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What's the Deal with NBC's 'The Slap'?

By Dustin Rowles | Comment Diversions | February 2, 2015 |


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If you were watching the Super Bowl last night, or if you’ve watched much of NBC at all in the past month, you may be familiar with their upcoming series, The Slap, starring Peter Sarsgaard, Thandie Newton, Zachary Quinto, Uma Thurman, Melissa George, and Brian Cox.

Here’s the trailer:

I’ll be the first to admit that the trailer looks preposterous, but it’s an NBC promo, and I’m just as willing to wager that a cast as talented as this wouldn’t agree to a mini-series that essentially looks like a salacious Parenthood episode on downers.

And if you’re wondering if there’s more to it — murder, sex, violence? — than just a slap, you may be both disappointed or heartened that there isn’t. It’s an eight-hour series based on a single slap. But psychologically, emotionally, and philosophically, there is more to it. In fact, I could very well see a comments section that might explode over the central question: Should a naughty boy be taught some discipline, or should the police ought to be brought in to investigate a common assault?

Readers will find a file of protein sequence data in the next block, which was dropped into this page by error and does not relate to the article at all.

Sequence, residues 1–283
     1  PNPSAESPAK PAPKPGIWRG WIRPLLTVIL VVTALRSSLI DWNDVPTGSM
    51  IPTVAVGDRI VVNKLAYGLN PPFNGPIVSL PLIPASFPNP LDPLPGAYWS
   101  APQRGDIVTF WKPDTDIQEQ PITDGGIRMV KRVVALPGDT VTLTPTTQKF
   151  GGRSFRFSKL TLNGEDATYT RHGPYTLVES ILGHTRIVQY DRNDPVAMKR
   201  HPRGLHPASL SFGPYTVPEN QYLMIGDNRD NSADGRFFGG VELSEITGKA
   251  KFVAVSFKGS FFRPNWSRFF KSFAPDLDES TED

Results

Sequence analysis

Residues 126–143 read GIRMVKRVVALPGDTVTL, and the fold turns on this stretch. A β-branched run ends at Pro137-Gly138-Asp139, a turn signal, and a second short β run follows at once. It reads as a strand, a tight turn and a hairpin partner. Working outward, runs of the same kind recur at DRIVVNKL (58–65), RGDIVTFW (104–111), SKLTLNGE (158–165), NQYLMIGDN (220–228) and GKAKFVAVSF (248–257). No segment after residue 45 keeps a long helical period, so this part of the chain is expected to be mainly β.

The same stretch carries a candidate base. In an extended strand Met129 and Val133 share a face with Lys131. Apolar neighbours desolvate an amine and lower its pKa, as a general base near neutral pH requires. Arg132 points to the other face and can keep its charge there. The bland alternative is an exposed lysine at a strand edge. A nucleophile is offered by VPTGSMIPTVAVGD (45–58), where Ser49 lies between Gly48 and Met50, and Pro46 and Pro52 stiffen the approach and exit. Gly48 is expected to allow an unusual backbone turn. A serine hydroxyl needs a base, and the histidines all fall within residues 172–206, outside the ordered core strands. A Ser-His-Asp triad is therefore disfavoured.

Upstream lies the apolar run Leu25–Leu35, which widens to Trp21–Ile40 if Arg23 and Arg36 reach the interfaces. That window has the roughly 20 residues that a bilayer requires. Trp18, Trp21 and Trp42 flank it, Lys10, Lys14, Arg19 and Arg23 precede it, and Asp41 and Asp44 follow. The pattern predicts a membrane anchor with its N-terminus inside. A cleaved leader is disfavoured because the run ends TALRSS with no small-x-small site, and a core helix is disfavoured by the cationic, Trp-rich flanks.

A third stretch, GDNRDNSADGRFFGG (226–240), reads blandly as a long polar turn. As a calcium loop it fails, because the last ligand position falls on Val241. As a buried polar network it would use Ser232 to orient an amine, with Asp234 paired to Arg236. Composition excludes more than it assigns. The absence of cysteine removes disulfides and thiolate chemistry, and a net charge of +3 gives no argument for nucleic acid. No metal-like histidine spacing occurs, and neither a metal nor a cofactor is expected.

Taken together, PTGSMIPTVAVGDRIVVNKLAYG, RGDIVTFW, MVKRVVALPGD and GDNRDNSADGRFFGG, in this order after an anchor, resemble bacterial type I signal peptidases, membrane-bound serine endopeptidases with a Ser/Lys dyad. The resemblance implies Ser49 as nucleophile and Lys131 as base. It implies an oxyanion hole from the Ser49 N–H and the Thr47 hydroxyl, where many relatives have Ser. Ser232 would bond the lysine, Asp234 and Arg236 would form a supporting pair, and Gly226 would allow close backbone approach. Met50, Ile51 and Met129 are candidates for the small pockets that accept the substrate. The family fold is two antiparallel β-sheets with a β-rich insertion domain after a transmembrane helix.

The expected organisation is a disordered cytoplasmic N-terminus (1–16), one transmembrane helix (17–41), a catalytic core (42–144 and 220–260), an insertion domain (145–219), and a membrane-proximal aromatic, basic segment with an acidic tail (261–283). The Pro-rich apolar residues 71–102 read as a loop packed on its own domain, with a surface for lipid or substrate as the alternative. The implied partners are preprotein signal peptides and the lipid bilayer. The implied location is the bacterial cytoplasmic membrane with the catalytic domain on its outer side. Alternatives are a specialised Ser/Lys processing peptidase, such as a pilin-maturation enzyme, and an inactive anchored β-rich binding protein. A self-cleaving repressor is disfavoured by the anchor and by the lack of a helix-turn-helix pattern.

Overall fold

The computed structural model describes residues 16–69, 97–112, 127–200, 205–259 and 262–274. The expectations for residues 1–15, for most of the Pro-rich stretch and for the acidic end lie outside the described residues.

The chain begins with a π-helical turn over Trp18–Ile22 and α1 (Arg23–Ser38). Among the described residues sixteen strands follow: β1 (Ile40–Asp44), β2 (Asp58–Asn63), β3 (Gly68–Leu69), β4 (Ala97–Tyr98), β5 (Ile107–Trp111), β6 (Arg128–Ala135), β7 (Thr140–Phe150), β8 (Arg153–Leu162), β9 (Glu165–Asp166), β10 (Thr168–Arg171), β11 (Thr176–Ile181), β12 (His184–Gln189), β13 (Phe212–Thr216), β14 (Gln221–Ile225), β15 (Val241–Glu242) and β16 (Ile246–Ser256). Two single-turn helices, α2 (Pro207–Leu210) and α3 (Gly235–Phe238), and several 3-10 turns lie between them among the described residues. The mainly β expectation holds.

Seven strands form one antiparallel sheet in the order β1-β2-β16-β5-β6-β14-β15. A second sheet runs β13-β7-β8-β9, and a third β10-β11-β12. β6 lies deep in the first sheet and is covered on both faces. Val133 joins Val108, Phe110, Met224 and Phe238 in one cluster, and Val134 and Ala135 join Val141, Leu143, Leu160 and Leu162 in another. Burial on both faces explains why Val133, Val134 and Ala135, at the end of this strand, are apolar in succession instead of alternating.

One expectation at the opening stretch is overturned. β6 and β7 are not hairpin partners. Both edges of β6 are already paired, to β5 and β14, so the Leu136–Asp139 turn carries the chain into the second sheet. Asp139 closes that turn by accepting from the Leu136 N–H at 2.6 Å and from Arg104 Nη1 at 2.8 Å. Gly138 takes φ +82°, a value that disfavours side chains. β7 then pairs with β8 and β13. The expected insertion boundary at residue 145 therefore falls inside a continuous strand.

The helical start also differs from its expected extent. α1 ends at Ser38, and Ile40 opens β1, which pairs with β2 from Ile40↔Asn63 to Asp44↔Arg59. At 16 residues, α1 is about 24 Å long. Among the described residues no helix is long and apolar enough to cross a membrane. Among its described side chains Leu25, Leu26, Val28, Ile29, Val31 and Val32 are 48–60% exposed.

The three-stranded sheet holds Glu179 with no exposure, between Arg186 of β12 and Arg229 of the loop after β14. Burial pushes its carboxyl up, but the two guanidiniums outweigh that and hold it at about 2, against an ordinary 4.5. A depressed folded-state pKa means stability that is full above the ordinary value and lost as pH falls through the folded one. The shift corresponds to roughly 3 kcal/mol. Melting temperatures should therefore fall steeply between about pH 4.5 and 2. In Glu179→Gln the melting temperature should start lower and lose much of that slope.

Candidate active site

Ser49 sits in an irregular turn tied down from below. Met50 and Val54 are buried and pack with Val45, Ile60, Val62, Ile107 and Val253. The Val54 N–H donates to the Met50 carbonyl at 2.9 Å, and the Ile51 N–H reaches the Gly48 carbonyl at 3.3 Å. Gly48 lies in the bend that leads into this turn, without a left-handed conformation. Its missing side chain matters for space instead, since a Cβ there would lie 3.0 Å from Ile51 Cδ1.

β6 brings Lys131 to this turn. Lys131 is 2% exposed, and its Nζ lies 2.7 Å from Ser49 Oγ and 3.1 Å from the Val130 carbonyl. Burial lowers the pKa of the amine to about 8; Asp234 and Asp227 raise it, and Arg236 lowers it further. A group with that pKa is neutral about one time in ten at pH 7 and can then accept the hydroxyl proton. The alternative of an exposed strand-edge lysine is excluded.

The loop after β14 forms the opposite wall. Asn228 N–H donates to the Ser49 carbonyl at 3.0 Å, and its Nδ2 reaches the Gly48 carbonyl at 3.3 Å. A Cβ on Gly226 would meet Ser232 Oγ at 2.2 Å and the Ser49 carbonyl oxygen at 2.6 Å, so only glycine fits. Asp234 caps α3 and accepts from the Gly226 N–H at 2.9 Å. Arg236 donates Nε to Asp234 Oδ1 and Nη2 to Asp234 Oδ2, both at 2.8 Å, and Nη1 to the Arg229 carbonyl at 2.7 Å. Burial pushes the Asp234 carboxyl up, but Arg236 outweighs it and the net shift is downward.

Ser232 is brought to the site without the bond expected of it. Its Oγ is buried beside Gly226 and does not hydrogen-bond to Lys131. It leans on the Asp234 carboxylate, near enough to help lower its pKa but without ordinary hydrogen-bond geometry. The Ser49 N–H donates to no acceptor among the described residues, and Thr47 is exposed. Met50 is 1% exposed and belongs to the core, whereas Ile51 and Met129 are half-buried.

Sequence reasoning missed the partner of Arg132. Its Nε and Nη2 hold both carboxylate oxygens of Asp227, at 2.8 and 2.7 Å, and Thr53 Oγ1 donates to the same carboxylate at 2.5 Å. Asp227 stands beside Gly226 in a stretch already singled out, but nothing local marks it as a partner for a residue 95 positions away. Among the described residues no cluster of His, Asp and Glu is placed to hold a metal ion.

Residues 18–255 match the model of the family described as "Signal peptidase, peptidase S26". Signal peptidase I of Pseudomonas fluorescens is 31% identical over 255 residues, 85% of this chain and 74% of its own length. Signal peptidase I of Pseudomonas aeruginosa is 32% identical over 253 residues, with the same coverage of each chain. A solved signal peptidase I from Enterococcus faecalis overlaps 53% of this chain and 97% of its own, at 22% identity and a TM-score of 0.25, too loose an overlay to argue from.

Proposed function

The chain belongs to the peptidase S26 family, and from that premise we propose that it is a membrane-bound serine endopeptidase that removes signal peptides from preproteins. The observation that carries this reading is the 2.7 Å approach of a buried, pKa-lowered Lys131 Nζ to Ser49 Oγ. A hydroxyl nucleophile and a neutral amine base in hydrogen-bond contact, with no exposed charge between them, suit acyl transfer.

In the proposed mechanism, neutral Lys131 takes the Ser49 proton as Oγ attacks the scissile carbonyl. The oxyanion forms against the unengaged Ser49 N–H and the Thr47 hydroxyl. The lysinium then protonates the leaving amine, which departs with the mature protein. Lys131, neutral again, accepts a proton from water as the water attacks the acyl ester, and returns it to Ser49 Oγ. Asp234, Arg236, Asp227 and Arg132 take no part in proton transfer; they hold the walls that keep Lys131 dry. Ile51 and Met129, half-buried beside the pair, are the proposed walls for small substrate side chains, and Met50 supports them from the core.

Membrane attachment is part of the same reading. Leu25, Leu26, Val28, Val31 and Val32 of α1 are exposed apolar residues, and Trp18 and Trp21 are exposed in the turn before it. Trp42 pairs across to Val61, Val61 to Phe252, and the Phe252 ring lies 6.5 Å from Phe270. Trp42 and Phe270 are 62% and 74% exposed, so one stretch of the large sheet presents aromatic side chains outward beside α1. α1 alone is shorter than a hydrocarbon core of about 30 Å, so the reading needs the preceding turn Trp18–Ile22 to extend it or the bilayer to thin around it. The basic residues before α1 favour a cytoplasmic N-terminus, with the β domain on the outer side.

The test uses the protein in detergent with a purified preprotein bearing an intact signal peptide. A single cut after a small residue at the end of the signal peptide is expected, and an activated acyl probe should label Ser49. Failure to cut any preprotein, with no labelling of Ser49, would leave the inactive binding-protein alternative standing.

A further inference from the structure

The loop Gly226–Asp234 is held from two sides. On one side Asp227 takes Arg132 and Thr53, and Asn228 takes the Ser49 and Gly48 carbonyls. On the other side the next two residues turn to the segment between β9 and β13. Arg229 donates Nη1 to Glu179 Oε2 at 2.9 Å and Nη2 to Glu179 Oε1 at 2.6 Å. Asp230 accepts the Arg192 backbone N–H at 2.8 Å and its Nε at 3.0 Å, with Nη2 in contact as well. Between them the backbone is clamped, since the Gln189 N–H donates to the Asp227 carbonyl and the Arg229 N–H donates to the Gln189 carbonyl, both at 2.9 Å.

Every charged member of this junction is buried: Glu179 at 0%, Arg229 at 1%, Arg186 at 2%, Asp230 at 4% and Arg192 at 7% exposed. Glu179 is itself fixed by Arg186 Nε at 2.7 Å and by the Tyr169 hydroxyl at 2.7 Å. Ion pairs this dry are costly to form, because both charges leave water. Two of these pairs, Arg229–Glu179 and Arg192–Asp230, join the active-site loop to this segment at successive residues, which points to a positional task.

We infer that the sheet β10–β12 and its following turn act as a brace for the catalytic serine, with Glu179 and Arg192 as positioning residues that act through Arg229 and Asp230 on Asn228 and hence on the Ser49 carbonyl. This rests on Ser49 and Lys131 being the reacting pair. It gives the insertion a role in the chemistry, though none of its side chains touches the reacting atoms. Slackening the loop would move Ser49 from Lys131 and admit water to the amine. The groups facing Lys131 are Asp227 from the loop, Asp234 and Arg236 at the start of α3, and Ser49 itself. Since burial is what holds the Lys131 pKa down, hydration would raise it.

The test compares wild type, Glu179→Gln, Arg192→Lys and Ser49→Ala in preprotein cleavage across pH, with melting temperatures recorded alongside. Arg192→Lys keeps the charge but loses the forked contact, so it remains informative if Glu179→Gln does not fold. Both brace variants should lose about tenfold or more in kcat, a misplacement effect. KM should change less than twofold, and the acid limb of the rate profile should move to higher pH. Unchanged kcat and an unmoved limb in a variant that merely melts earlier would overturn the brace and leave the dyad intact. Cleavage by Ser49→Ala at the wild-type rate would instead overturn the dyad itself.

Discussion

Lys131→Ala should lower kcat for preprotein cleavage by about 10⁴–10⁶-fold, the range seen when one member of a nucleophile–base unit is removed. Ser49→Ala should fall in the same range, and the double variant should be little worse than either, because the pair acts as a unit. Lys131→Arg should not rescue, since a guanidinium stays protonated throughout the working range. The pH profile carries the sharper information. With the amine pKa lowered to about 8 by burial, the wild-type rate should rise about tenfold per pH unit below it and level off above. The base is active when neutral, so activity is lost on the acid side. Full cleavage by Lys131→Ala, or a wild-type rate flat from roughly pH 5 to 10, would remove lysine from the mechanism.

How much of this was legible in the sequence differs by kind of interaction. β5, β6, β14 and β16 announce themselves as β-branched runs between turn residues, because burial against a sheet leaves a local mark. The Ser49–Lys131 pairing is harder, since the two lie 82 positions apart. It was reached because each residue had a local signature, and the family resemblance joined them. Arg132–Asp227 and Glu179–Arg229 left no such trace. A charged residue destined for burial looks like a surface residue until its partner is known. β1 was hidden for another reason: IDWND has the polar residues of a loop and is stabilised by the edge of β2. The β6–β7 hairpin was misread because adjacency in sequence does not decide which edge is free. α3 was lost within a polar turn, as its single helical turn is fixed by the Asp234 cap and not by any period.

That question formed the basis of the novel by Australian author Christos Tsiolkas upon which the series is based, as well as the Australian series that preceded the American one. That novel won a few literary awards and even received some consideration for the Man Booker prize, while the Australian series, which received generally glowing reviews, attracted a large audience in Australia and several other countries where it aired.

Each of the eight episodes are told from the point of view of a different characters, which means we’re likely to get a different perspective on whether the slap was OK depending on the cultural background and the upbringing of the focus character. Those with kids will probably have different opinions than those without, and those who were brought up in homes where spankings were common may also have differing opinions.

In a way, it’s kind of a repeat of the Adrian Peterson controversy, where the Internet exploded with opinions about how much — if any — discipline should have been meted out to the Minnesota Vikings running back.

I’m curious, though: Where would you fall on the spectrum given this scenario the scenario involved in the series, where the kid is slapped for nearly hitting the slapper’s kid with a baseball bat?

Maybe you’d be OK with it? Maybe you’d yell at your cousin for hitting your kid. But would you call the cops knowing that doing so may actually result in your cousin losing his child?

There’s a lot more to unpack there than the adverts might suggest, enough even to fill a compelling eight-hour miniseries.



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